The Tapering

Queen Anne's Lace

Queen Anne’s Lace

The Tapering, it sounds like the title of some new Stephen King horror novel, but it is not as scary as it sounds. Tapering is a tried and true training technique employed by athletes. Athletes will taper off their training exertions in the days preceding a big event, like an important race. Easing up a bit, allows athletes to rest up a bit and husband their strength and stamina for the coming main event. Some athletes have reported undesirable side effects from tapering. Tapering sometimes leaves the athlete feeling down or depressed. The athlete’s friends and family members might also notice increased irritability or grumpiness. These are classic withdrawal symptoms, in this case a withdrawal from exercise.

The Tapering is the name that Wall Street has given to the Federal Reserve’s anticipated curtailment of Quantitative Easing. For many months now, Ben Bernanke and the Fed have been pumping boatloads of money into the US banking system and markets, most recently to the tune of $85B per month. Helicopter Ben and his gang of Federales has been the only arm of government that has been making any effort of late to stimulate the economy and get this country out of the deepest recession since the Great Depression. Republicans are doing worse than nothing and have deadlocked the rest of government. Only the Fed has been free to act, but its only tool is to throw more money at the problem. I guess that if you have an infinite supply of money, then just throwing it eventually becomes an effective weapon, because last week Ben let it be known in the most gentle terms that the party might someday come to an end.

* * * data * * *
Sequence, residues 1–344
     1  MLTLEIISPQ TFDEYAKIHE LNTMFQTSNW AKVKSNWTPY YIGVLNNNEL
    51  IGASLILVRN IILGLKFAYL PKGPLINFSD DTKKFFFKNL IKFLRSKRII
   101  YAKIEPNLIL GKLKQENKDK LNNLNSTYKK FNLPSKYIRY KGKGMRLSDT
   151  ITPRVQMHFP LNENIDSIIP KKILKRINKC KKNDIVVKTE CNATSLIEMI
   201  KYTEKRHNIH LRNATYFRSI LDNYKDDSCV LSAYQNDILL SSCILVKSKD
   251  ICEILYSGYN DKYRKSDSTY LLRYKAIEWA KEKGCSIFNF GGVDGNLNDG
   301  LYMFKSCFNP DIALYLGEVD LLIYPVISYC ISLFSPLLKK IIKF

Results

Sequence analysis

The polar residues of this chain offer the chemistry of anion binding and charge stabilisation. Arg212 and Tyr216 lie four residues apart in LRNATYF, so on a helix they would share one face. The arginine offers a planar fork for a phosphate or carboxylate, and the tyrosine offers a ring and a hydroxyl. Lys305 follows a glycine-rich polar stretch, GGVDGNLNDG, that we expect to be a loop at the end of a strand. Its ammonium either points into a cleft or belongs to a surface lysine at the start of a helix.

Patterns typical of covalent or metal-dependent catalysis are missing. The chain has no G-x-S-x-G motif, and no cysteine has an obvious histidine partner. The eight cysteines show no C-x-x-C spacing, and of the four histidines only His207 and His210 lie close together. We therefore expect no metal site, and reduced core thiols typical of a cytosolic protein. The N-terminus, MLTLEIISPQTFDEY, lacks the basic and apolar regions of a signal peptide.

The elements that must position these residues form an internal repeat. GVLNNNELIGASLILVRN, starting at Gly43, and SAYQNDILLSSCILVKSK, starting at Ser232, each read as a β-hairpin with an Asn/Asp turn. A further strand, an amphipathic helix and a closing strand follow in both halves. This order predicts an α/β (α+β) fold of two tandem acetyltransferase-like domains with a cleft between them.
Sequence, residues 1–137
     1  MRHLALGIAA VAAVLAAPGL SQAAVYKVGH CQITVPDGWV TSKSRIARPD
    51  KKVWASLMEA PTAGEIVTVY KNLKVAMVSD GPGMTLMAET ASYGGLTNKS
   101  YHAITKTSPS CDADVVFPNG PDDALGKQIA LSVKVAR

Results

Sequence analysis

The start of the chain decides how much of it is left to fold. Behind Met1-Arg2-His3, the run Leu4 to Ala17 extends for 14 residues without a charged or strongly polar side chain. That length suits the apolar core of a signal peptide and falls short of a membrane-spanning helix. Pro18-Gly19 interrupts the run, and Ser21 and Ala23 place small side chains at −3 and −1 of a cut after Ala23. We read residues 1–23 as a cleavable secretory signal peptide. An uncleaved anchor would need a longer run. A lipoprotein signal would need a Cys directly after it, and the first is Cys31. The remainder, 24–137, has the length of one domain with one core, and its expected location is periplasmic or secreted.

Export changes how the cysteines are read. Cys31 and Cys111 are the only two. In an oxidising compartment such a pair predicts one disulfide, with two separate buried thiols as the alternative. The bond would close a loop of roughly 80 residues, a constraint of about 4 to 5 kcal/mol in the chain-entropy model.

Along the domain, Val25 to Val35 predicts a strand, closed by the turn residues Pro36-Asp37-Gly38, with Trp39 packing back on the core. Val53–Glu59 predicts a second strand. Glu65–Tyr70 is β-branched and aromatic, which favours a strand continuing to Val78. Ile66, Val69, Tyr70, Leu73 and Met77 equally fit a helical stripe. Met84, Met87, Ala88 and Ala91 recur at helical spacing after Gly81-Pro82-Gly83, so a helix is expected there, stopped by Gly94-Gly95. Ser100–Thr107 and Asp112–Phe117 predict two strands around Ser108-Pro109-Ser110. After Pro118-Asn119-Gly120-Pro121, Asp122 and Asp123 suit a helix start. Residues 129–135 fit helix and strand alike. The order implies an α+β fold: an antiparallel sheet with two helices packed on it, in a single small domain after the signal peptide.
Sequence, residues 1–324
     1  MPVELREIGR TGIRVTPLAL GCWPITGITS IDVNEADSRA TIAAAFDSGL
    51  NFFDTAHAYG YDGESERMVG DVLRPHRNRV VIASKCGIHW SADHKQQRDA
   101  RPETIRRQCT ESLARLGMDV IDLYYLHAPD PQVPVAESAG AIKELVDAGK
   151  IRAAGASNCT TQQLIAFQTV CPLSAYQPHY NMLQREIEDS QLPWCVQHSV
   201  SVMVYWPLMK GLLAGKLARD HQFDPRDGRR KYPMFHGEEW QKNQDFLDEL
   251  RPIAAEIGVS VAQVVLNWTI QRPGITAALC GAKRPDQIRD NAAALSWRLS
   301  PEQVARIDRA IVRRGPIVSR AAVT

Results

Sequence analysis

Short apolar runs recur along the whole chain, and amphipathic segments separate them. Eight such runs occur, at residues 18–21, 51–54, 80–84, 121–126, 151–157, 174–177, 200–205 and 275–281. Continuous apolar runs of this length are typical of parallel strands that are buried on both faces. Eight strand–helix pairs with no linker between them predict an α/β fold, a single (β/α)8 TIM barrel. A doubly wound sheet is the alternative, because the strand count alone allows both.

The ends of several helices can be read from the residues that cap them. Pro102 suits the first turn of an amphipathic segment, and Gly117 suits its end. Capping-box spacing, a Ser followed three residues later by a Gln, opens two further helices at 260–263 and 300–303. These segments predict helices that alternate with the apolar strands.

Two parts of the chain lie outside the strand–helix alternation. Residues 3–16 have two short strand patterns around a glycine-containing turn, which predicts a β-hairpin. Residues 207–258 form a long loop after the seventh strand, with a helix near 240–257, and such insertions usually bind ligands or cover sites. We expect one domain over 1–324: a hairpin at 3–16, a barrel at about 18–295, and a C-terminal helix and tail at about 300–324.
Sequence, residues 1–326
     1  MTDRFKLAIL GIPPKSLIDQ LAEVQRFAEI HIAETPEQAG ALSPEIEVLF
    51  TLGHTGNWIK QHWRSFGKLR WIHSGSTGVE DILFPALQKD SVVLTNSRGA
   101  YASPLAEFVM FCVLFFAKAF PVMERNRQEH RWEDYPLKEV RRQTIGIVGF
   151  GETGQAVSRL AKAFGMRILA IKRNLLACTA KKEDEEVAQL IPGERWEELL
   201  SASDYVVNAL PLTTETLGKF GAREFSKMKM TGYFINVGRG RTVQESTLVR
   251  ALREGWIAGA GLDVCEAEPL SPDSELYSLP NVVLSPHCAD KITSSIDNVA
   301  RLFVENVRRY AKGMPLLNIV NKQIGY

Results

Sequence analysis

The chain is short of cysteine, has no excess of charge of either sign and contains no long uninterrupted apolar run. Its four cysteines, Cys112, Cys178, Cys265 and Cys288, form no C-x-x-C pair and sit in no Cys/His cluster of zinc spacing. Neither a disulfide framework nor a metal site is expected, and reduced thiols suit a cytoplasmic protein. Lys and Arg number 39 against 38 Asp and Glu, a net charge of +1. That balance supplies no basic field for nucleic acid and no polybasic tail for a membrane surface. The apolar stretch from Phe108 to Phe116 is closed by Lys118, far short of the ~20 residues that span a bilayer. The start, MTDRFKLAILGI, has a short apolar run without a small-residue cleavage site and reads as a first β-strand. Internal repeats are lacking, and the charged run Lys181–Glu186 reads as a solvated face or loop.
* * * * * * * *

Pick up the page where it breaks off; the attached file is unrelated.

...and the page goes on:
This little hint that someday, in the indeterminate future, Quantitative Easing would be gradually eased out has spawn the term The Tapering and caused the stock markets fits. On the one hand this is a good thing; experts at the Fed are glimpsing the light at the end of this long dark recession. Economic indicators are looking more positive. More people are finding jobs than losing them, albeit not at a quick enough pace. Even the housing market is beginning to show the first few tremors of life. On the other hand, the stock market’s free money fed frenzy may have to come to terms with reality. The economy is slowly, but steadily improving since the dark days of deep recession, but has it really improved as much as the record levels of the DOW and S&P seem to indicate? Bernanke and company will now have to demonstrate a finesse to rival their already demonstrated courage and successfully wean those cranky Wall Street Olympians off the Feds teat. It would be better for all to avoid those pesky tapering side effects, like depression.

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